One problem that designers, especially budding designers, encounter is the issue of working for clients for too little/free. Let’s just say free. While odds are you love what you do as a designer, unless you’ve discovered a secret that the rest of humanity has yet to know, you still have expenses as well. Just the tools of your trade are heart-breakingly expensive (with good reason) such as a sketchbook or the Adobe programs (if you use them) let alone your necessities as a human being. Ultimately you are the one to decide whether or not you work for free. There is no concrete formula of when it is appropriate. Personally, on the rare occasions that I do work for free it is usually because it is an issue I care deeply about and the client has no way of paying, I’m almost sure it will help further my career, or I just feel like being a butterfly fluttering across a rainbow to brighten someone’s day.
We all have issues that are important to us. For some it’s racism. For some it’s injustice. For some it’s cute puppies. Regardless of whatever issues are important to you, if you truly believe that your designing for free will help the cause, then why not? If it’s, for example, a non-profit organisation approaching you and you see that they genuinely can’t pay you, and you have the time and resources and you believe in its motives then by working for free you can help make the world a better place.
This is extremely rare, and many people will promise you that by working for them for free that you will receive this. However, if I’m almost completely sure that doing a free project will absolutely boost my career due to the exposure it would receive, then maybe I might consider working for free. One example of this is a contest. Please note that there is a difference between a good-spirited contest and those crowd-sourcing contests with which we’re all too familiar. I’ll elaborate more about that in a future article. But to touch on it briefly, crowd-sourcing is wrong. Please don’t participate in it, for the benefit of the graphic design industry.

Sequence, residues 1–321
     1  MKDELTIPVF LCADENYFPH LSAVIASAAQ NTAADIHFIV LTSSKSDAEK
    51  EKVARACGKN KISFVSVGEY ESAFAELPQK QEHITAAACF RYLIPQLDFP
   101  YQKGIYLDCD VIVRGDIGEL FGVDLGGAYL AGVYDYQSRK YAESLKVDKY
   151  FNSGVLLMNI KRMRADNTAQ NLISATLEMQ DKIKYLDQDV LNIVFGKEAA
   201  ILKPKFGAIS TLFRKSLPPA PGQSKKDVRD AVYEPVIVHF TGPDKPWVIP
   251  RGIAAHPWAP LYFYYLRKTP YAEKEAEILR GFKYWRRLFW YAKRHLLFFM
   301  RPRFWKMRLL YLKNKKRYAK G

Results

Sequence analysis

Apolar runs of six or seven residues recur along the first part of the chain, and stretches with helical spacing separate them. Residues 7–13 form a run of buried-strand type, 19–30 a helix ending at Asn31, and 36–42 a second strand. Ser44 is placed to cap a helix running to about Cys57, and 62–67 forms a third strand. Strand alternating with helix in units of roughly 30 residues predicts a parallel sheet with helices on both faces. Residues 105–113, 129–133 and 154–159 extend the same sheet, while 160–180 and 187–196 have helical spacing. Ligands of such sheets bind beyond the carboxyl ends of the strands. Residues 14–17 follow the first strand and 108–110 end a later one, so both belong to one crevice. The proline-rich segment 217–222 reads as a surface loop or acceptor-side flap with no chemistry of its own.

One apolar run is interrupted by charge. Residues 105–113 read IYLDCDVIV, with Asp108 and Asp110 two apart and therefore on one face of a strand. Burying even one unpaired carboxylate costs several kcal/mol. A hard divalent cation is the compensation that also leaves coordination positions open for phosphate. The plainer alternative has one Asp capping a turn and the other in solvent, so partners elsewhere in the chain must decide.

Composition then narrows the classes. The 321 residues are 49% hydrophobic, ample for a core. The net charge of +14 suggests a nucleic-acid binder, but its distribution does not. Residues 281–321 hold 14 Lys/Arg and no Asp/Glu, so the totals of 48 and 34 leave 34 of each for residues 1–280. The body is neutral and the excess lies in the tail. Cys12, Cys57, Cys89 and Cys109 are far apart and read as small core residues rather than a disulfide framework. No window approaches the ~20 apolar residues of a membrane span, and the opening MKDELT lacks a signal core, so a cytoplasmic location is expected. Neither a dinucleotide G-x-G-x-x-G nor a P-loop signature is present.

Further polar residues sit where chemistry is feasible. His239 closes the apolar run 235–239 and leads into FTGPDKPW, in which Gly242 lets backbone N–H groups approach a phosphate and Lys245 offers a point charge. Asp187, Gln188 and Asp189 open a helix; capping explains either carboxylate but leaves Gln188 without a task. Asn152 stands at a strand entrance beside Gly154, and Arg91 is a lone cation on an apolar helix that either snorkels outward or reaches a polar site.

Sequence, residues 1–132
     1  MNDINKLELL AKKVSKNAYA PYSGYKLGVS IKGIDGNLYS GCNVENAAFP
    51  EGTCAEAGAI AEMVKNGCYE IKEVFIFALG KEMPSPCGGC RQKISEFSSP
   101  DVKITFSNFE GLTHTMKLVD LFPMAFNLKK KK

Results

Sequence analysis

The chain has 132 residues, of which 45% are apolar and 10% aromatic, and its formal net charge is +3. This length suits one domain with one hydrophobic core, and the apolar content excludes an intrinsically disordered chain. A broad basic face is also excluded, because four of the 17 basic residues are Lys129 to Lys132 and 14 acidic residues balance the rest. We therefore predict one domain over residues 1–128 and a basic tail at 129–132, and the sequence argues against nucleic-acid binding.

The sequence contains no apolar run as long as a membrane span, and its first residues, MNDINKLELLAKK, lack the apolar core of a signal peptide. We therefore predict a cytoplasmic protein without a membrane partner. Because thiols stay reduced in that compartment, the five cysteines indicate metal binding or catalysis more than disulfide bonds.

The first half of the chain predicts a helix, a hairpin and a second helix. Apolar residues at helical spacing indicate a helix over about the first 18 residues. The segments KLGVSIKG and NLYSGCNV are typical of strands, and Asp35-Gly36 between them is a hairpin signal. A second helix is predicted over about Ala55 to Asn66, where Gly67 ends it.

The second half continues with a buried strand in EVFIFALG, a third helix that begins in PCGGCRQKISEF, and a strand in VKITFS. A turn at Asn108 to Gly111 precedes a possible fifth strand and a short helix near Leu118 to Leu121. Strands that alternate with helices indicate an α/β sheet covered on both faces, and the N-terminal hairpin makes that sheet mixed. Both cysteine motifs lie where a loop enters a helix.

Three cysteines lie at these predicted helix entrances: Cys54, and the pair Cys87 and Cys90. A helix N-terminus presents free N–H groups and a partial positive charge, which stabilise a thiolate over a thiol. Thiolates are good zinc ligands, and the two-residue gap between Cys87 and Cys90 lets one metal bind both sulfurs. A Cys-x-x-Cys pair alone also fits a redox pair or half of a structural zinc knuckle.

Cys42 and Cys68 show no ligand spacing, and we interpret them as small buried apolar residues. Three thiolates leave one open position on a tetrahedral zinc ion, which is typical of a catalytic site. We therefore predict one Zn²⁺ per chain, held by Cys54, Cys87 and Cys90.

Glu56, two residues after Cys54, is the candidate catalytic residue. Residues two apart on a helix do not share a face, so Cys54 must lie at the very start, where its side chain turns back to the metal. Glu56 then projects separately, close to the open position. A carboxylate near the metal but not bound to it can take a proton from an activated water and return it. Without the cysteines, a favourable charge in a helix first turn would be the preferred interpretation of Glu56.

On the other hand, clients are very quick to promise you things such as, ‘more work in the future’, ‘great experience’ or ‘tons of exposure’. We can’t forget the promise that, ‘it will be good for your portfolio’. Even if you’re a designer new to the market, try your best not to give in to false hopes such as these. More often than not these are ploys to get you to work for free, even if they appear well-intentioned. I think we’re all guilty of giving in to this at one point though, especially when we were first starting out. As one designer friend said to me once, “know the worth of your work”. If you think that your time, energy, resources and intellect are worth nothing, then you can work for free.
Sometimes you encounter someone that needs help with a design. They have no way of repaying you but if you can find the ability to help them within your altruistic side in order to put a smile on their face then by all means. Be a pretty creature that makes people smile. The world could always use more kindness. However, this doesn’t apply to people who you owe your lives, for example, your parents. Chances are they aren’t asking you to rebrand an entire company with nothing more than a JPEG from 1994. You can most likely spare the time to help them out.
Even though this article isn’t as seriously written as my others, the issue is a very serious one. It is very unfortunate that graphic designers have to put up with unnecessary issues such as these. I don’t think anyone could go to an architect and engineer and ask them to construct a bridge with experience as their remuneration without being laughed at hysterically while being escorted out. The bottom line of all of this, and to once again quote my design friend, Nick Stavros, “Know the worth of your work”. You and your work are not worthless. Don’t let anyone treat you otherwise.